Rescued POW arrives in Germany

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An American flag folded across her chest, Pfc. Jessica Lynch left Iraq on a stretcher today after U.S. commandos, acting on a CIA tip, rescued the prisoner of war. But the operation also brought grim news -- the troops found 11 corpses, some believed to be Americans.

Lynch, a 19-year-old Army supply clerk, arrived at a U.S. air base in southwestern Germany on a C-17 transport plane late Wednesday for treatment at a U.S. military medical center for combat wounds suffered during her capture by Iraqi forces.

Four medics carried Lynch on a stretcher from the back of the plane and lifted her into the back of a green military ambulance that drover her under police escort to the Landstuhl Regional Medical Center about 2 1/2 miles away.

Landstuhl spokesman Norris Jones said she would be examined immediately, but that no information would be released about her condition.

U.S. officials in Kuwait, speaking on condition of anonymity, said Lynch is believed to have broken legs, a broken arm and at least one gunshot wound.

Lynch was accompanied by 13 crew and medical personnel on the flight from Kuwait, said Maj. Mike Young, a spokesman for the 86th Airlift Wing. She was the only injured soldier aboard the plane.

She was captured by the Iraqis more than a week ago after her maintenance unit made a wrong turn and was ambushed in Nasiriyah. Twelve other members of her unit were also feared captured; five of them are officially listed as POWs.

Following an intelligence tip about Lynch's whereabouts, U.S. special operations forces made their way behind Iraqi lines and seized Lynch from the Saddam Hospital under cover of darkness late Tuesday, American officials said.

"I thought at first it was an April Fools' joke," said her father, Greg Lynch Sr., speaking at the family's home in Palestine, W.Va. "I thought this was a cruel joke. I can put up with most things, but not that. They assured me, no, it's not a joke."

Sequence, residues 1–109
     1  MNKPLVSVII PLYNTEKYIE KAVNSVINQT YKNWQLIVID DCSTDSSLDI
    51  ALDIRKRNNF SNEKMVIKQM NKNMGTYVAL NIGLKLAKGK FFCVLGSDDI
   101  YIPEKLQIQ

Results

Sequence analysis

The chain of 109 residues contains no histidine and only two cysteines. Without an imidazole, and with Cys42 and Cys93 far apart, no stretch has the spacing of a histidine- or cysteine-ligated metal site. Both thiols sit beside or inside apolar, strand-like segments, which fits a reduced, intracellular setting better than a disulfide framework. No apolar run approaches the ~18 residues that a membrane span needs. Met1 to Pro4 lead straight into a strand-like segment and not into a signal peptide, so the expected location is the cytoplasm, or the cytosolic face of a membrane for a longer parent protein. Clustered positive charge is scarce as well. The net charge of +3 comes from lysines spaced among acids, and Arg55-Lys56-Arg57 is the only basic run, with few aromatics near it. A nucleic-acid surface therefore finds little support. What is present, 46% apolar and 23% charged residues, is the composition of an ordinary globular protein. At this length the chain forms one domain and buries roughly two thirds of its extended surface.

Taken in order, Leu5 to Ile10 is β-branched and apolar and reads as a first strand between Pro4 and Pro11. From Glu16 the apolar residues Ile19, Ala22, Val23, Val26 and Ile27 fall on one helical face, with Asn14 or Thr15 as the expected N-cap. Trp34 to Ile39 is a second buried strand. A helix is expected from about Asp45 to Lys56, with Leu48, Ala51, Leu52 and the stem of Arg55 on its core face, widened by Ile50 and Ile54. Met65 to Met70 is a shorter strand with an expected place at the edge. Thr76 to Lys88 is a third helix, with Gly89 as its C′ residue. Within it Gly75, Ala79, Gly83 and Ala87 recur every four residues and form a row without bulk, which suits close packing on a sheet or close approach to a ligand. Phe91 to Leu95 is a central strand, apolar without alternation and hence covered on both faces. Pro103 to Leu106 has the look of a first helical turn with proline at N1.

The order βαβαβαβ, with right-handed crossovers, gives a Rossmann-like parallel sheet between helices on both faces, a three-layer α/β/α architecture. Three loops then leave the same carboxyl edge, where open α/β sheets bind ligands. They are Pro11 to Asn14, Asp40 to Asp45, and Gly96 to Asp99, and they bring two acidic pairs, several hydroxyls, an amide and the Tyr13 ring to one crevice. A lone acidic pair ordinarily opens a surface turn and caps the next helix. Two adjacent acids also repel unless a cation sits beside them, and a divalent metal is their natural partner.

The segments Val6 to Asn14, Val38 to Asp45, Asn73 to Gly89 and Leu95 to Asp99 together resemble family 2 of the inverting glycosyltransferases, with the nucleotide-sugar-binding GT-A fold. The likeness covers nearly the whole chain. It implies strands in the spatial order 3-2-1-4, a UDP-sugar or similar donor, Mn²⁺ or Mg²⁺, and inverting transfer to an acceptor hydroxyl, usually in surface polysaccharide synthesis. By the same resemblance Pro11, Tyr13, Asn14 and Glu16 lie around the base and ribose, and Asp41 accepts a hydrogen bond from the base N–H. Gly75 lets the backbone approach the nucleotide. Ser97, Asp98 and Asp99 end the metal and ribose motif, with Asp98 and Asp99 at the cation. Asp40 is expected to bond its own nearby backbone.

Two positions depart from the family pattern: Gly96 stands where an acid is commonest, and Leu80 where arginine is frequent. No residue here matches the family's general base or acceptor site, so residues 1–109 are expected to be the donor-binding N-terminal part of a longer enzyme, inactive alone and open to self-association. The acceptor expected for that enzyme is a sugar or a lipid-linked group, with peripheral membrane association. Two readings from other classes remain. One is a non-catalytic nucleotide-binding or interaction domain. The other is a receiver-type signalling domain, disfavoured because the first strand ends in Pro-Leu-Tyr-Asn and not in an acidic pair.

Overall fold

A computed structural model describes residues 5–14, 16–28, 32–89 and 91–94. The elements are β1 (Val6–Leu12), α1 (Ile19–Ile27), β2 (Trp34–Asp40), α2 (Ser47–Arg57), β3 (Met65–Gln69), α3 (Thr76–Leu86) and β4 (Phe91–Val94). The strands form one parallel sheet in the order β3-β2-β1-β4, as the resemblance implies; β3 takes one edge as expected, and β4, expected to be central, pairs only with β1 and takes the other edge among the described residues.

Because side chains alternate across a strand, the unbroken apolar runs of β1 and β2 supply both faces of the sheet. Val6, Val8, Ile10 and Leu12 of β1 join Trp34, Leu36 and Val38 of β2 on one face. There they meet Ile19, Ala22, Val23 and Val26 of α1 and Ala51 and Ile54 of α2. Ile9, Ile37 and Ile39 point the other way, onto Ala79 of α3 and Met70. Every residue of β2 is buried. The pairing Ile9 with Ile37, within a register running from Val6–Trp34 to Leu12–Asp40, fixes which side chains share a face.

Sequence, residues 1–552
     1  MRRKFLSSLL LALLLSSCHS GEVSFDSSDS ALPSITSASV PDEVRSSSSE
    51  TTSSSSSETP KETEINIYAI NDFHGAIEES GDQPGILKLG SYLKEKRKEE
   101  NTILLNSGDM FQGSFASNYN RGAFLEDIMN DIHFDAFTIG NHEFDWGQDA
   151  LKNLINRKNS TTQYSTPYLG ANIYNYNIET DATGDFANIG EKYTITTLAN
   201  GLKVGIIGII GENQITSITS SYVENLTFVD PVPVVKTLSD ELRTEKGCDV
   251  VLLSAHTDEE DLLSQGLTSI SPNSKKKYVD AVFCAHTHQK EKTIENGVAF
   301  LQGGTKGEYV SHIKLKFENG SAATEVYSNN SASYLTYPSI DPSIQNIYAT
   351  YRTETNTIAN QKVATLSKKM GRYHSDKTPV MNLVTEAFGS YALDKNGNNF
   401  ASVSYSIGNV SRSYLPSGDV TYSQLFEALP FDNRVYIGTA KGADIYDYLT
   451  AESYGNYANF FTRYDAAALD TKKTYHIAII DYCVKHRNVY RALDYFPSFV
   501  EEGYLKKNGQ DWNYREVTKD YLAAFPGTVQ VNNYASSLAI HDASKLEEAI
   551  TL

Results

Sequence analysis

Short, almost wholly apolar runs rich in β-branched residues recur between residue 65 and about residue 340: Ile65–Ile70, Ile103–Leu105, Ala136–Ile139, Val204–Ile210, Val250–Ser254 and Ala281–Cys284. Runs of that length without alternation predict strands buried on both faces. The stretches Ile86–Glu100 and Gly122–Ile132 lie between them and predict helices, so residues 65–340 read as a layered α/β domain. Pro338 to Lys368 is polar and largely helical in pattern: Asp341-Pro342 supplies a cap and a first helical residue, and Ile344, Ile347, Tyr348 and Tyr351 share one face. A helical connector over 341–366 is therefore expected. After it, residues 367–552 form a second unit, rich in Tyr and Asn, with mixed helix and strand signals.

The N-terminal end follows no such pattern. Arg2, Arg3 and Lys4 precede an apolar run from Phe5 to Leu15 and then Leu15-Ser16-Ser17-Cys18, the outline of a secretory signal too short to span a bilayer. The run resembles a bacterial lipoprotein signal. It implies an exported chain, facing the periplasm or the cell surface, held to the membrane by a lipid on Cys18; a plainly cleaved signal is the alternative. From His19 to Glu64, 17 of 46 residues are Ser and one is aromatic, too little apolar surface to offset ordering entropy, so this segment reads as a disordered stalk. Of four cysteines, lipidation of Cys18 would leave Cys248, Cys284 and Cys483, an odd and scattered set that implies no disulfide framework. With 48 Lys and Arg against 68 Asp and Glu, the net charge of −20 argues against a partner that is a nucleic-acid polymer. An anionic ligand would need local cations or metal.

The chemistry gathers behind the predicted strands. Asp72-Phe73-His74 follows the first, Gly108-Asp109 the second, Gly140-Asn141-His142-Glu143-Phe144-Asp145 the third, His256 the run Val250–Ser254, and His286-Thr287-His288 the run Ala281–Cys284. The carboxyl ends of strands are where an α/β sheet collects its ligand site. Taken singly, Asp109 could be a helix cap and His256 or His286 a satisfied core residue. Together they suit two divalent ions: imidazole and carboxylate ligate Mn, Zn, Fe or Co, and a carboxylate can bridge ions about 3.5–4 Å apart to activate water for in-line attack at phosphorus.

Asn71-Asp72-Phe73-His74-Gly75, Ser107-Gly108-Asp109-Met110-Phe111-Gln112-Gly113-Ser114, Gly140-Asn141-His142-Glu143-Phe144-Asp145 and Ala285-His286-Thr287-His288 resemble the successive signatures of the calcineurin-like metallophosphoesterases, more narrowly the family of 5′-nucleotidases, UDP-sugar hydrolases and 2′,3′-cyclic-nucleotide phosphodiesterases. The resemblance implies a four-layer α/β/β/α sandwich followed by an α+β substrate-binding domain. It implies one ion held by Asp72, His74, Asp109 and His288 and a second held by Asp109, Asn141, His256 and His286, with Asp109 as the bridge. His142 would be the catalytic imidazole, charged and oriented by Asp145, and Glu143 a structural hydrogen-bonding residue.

The operation also found 11 bodies -- two in a hospital morgue and nine buried outside the building, said Brig. Gen. Vincent Brooks, a U.S. Central Command spokesman. He said U.S. forces were led to the graves by someone who had been taken into custody.

The cause of death was not immediately disclosed.

"We have reason to believe some of them were Americans," said Navy Capt. Frank Thorp, another Central Command spokesman.

He said the military has not confirmed whether they were members of Lynch's unit, the 507th Maintenance Company. "We don't yet know the identity of those people," Thorp said. "And forensics will determine that."

The 507th was attacked March 23 during some of the earliest fighting in Nasiriyah, where Saddam's Fedayeen loyalists and other Iraqi fighters are said to have dressed as civilians and ambushed Americans.

Not long afterward, five of Lynch's fellow soldiers showed up in Iraqi television footage being asked questions by their captors.

The video also showed bodies, apparently of U.S. soldiers, leading the Pentagon to accuse Iraq of executing some POWs.

In Tuesday's raid, U.S. forces engaged in a firefight on the way into and out of the hospital but there were no coalition casualties, Brooks said. He said they found ammunition, mortars, maps and a terrain model at the hospital, along with "other things that made it very clear it was being used as a military command post."

"Some brave souls put their lives on the line to carry this out," Brooks said.

As soon as they rolled into the hospital compound, civilian patients and medical staff began emerging with their hands up. Most were allowed to leave, or to return to the building for treatment.

An Iraqi pharmacist who works at Saddam Hospital told Britain's Sky television that he treated Lynch for leg injuries but that she was otherwise healthy. But he added, "every day I saw her crying about wanting to go home."

The pharmacist, who gave his name only as Imad, said Lynch knew the U.S. troops were on the other side of the Euphrates River and "she kept wondering if the American Army [was] coming to save her."

Copyright © 2014, Los Angeles Times
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